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Long‐term follow‐up of a randomized controlled trial of a text‐message diabetes self‐management support programme, SMS4BG

journal contribution
posted on 20.12.2020, 22:46 authored by Rosie DobsonRosie Dobson, R Whittaker, Y Jiang, C McNamara, M Shepherd, R Maddison, R Cutfield, M Khanolkar, R Murphy
© 2019 The Authors. Diabetic Medicine published by John Wiley & Sons Ltd on behalf of Diabetes UK. Aims: To determine the long-term effectiveness of an individually tailored text-message diabetes self-management support programme, SMS4BG, on glycaemic control at 2 years in adults with diabetes with an HbA1c concentration > 64 mmol/mol (8%). Methods: We conducted a 2-year follow-up of a two-arm, parallel, randomized controlled trial across health services in New Zealand. Participants were English-speaking adults with type 1 or 2 diabetes and with an HbA1c >64 mmol/mol (8%). In the main trial participants randomized to the intervention group (N=183) received up to 9 months of an automated tailored text-message programme in addition to usual care. Participants in the control group (N=183) received usual care for 9 months. In this follow-up study, 293 (80%) of 366 randomized participants in the main trial were included. The primary outcome measure was change in glycaemic control (HbA1c) from baseline to 2 years. Mixed-effect models were used to compare the group differences at 3, 6, 9 and 24 months, adjusted for baseline HbA1c and stratification factors (health district category, diabetes type and ethnicity). Results: The decrease in HbA1c at 2 years was significantly greater in the intervention group [mean (sd) –10 (18) mmol/mol or –0.9 (1.6)%] compared with the control group [mean (sd) –1 (20) mmol/mol or –0.1 (1.8)%], with an adjusted mean difference of –9 mmol/mol (95% CI –14, –5) or –0.8% (95% CI –1.2, –0.4; P<0.0001). Conclusions: Improvements in glycaemic control resulting from a text-message diabetes self-management support programme were sustained at 2 years after randomization. These findings support the implementation of SMS4BG in current practice.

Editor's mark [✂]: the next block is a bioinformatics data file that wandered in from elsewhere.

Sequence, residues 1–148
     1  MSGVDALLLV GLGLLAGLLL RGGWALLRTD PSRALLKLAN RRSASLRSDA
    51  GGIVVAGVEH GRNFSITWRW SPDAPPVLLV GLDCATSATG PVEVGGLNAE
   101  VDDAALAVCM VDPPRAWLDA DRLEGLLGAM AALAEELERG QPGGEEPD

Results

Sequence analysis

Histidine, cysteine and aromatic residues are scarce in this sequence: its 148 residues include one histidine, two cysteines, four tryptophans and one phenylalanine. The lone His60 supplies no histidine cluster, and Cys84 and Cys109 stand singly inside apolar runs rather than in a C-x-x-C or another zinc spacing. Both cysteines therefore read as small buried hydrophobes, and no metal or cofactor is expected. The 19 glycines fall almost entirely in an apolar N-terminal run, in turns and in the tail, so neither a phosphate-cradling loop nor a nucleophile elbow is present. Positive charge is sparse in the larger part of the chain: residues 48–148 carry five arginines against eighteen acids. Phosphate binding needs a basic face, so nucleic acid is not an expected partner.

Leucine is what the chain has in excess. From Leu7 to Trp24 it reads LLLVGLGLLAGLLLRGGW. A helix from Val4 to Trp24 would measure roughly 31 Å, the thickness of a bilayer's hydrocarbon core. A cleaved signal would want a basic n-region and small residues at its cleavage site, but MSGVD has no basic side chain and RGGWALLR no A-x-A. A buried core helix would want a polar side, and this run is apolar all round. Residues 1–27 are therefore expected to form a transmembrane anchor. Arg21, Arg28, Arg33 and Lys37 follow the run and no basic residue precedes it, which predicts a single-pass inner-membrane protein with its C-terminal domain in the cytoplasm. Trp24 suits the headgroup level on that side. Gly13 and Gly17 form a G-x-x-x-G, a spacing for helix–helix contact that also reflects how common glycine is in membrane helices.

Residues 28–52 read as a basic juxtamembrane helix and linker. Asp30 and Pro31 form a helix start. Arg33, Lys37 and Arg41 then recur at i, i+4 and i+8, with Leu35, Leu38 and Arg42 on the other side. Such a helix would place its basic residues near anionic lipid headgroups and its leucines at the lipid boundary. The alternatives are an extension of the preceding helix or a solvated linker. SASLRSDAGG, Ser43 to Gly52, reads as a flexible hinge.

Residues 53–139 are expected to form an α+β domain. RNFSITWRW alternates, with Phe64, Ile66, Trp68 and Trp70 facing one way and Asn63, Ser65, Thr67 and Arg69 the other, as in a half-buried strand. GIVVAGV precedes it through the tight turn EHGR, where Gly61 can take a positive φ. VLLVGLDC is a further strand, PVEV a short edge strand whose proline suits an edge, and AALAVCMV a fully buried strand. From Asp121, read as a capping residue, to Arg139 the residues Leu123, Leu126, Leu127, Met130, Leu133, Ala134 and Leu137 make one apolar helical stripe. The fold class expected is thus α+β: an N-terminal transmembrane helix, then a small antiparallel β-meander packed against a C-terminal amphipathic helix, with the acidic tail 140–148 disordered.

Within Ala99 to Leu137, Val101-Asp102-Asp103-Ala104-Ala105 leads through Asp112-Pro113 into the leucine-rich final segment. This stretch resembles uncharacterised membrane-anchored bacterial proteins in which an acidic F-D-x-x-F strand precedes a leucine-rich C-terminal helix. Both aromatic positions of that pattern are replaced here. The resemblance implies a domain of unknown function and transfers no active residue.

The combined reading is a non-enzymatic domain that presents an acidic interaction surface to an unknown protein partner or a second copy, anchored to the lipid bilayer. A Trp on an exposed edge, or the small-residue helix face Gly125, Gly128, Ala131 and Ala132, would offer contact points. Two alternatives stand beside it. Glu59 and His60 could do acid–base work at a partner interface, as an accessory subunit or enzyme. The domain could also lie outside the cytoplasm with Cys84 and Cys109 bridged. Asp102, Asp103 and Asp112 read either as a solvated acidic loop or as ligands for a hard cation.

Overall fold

The SMS4BG 2-year follow-up study was funded by the New Zealand Society for the Study of Diabetes. Waitemata District Health Board funded the development of SMS4BG. The Health Research Council of New Zealand, in partnership with Waitemat~a District Health Board and Auckland District Health Board (through the Research Partnerships for New Zealand Health Delivery initiative), and the New Zealand Ministry of Health funded the RCT. The funders were not involved in any way in the preparation of the manuscript or analysis of the study results.


Publication Date



Diabetic Medicine






8p. (p. 311-318)





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